Tris Speaker with the Cleveland Indians (NATIONAL BASEBALL HALL OF FAME LIBRARY)

May 17, 1925: Cleveland’s Tris Speaker records 3,000th career hit

This article was written by Gordon J. Gattie

Tris Speaker with the Cleveland Indians (NATIONAL BASEBALL HALL OF FAME LIBRARY)Tris Speaker was accustomed to flying around the basepaths. The legendary center fielder and current Cleveland Indians player-manager, now 37 years old, endured inflammation caused by a dislocated fibula in mid-May of 1925.1 Speaker had played in at least 127 games each season over the past 16 years and was not accustomed to skipping ballgames. He missed three games after he twisted his left knee while stepping in an outfield hole during a game against Boston,2 then returned to the Indians after receiving medical attention from Dr. Harry Knight. Dr. Knight, who had treated 212 ballplayers the previous season, commented that Speaker had “the greatest pair of legs he ever had seen.”3 Speaker remained an offensive force for Cleveland, hitting .372 in 113 plate appearances through May 13. One early-season accomplishment was a 15-game hitting streak, including an eight-game multi-hit streak.

Speaker’s Indians were in third place with a 16-9 record, 3½ games behind the AL-leading Philadelphia Athletics and 1½ games behind that afternoon’s opponent, the Washington Senators. Washington had defeated Cleveland the previous afternoon, 6-2, in the first game of their four-game series. The Indians started the season strong following a disappointing 67-86 finish the previous year. The Indians featured a solid outfield led by veterans Speaker and Charlie Jamieson, with Joe Sewell anchoring the infield and Glenn Myatt behind the plate. The pitching staff featured 20-game winner Joe Shaute, veteran left-hander Sherry Smith, and George Uhle, who had won 22 and 26 games in 1922 and 1923, but regressed in 1924, winning only nine. Cleveland did lose veteran right-hander Stan Coveleski, who had been traded to Washington in the offseason. Although the Indians’ pitching had been questionable over the past couple of seasons, Speaker was optimistic about his staff during spring training.4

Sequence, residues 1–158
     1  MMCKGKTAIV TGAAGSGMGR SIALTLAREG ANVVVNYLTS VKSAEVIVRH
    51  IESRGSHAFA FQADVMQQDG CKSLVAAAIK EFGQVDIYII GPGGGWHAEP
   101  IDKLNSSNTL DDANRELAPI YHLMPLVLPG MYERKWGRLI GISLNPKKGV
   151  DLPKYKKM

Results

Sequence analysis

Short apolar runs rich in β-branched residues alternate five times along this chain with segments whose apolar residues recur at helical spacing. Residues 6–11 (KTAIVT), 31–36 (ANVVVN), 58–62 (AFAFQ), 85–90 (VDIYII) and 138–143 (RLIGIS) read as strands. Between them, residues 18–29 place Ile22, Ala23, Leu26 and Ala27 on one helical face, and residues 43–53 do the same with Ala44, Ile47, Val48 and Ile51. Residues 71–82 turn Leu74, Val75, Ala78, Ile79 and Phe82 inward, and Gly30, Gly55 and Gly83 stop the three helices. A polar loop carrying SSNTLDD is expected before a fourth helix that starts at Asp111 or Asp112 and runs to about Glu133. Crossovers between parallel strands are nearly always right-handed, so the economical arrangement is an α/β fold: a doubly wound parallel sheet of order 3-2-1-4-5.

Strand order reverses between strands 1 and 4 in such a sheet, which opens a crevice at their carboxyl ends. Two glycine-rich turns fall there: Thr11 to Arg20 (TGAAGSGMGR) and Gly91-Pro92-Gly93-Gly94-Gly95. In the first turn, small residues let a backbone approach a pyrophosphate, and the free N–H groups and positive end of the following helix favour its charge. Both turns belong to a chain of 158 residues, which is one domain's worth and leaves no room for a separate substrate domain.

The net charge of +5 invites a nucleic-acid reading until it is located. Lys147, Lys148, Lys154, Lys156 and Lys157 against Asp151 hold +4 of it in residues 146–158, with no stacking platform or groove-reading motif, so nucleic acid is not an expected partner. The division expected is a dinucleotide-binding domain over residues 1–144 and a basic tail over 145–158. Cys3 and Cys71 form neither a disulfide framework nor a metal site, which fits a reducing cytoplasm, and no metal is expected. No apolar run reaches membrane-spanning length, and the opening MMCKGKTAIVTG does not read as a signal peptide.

The Senators were reigning World Series champions. After defeating the New York Giants in seven games, Washington was favored to repeat as the AL pennant winner, although concern was expressed about the staff’s aging pitchers.5 Like the Indians, the Senators were guided by a future Hall of Fame player-manager, Bucky Harris, with three other future Hall of Famers on the roster: Walter Johnson, Goose Goslin, and Sam Rice. The trio had played together since 1921 when the 20-year-old Goslin joined the club. Washington was 18-8, two games behind Philadelphia, but riding a four-game winning streak.